RFID systems offer automated data collection, so it is easier to stay on top of inventory in real-time and stay compliant with government regulations. Inventory data can also be leveraged to make business decisions and track which products are performing well. This will help to plan ahead and understand customer preferences. This information can also be used to quickly generate inventory reports during compliance inspections.
Security Against Theft
Recently, we have seen a massive spike in robberies at licensed cannabis dispensaries, including pistol-whipping, gunshots, and killings. Industry trackers in Washington have reported at least 80 thefts so far this year. However, theft is not just limited to cannabis shops. In fact, many incidents occur in the multi-billion-dollar supply chain. There are security risks at every stage, from the cultivation facilities, to the manufacturers who are processing the product, to the distributors who are transporting the product, to eventually the retailers.
According to industry experts, the retail link within the cannabis supply chain carries the most risk. This is because most retail shops have a large amount of ready-to-consume cannabis products that can be easily resold on the black market. Plus, banks are reluctant to take deposits from legal cannabis-based companies because of the U.S. federal government’s classification of cannabis as an illegal substance. Consequently, cannabis retailers usually have large amounts of cash held onsite, which obviously makes them a big target.
Cannabis plants require a certain temperature and low humidity to survive and thrive. If the environment becomes too humid, these plants may mold, resulting in the need to repeat the cultivation process.
RFID-based platforms offer environmental sensing capabilities that can help dispensaries monitor their greenhouse’s environment. For instance, RFID can be used to measure the temperature and ambient light in a greenhouse, ensuring the plants are always at the right temperature.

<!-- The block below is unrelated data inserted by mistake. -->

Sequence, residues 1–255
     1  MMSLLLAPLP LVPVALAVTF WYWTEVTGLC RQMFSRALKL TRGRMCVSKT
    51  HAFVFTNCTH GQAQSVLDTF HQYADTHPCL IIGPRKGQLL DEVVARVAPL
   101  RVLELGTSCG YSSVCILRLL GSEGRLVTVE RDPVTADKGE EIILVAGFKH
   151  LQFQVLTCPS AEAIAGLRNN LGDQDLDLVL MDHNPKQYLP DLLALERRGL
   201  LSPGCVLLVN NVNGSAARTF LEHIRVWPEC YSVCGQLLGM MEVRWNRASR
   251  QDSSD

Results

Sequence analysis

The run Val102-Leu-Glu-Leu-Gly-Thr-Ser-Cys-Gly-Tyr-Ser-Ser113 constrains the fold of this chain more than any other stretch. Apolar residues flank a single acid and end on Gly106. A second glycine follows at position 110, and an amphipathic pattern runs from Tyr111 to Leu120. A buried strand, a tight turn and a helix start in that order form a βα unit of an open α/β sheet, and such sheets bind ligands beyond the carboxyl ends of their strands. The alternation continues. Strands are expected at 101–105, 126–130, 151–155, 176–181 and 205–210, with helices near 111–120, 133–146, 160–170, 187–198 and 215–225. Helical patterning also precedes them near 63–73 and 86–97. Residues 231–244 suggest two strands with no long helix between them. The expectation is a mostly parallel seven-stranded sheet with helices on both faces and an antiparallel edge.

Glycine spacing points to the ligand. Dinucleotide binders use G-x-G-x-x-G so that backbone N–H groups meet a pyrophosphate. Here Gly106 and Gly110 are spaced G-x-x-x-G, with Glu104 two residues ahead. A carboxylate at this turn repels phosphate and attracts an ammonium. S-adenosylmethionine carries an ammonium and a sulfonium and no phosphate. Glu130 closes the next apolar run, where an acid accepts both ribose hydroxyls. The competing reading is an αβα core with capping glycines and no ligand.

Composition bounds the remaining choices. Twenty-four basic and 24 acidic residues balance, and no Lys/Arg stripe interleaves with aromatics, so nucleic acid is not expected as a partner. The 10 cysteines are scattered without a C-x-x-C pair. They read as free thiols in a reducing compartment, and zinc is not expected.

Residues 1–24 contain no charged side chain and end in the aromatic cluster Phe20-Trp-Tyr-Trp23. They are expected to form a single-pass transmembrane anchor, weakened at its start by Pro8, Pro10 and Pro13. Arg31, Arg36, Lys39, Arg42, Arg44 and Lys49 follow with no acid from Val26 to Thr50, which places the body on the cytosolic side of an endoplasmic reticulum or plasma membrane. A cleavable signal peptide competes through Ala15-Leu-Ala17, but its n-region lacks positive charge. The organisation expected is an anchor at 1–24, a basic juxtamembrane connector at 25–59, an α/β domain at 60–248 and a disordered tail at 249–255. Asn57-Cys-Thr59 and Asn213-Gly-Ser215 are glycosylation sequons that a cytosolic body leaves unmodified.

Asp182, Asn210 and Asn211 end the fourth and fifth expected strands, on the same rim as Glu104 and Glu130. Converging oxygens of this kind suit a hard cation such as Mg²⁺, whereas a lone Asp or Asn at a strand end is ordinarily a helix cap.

Accuracy and Efficiency
RFID technology provides a drastic increase in accuracy and a corresponding decrease in errors, which improves efficiency and return on investment (ROI) for cannabis businesses.
The potential for errors is much greater with a hand-written record book. Barcodes are easy to miss, easy to double scan, and can be covered by the dirt and grime so prevalent in grow environments. But a properly implemented RFID solution can provide more than 99% accuracy.
RFID also allows fewer workers to get more done. Cannabis operators usually design and pilot their operations in phases. In the initial phases, labor is often not a problem as operations are limited, scales are small, and there are several individuals to monitor and evaluate the growing enterprise. However, cannabis operators can quickly work to transform from a limited pilot operation to full production.
In this case, the only solutions are to either employ multiple new workers or have an automated infrastructure already in place that can manage the sudden surge in size and volume. With a properly designed RFID solution, operators can easily switch from a pilot scenario to full production.
Check back next week as we take a deeper dive into the differences between RFID and barcodes for product tracking in cannabis. In the meantime, book a meeting with an RFID expert
today to learn more about our technology solutions for the cannabis industry.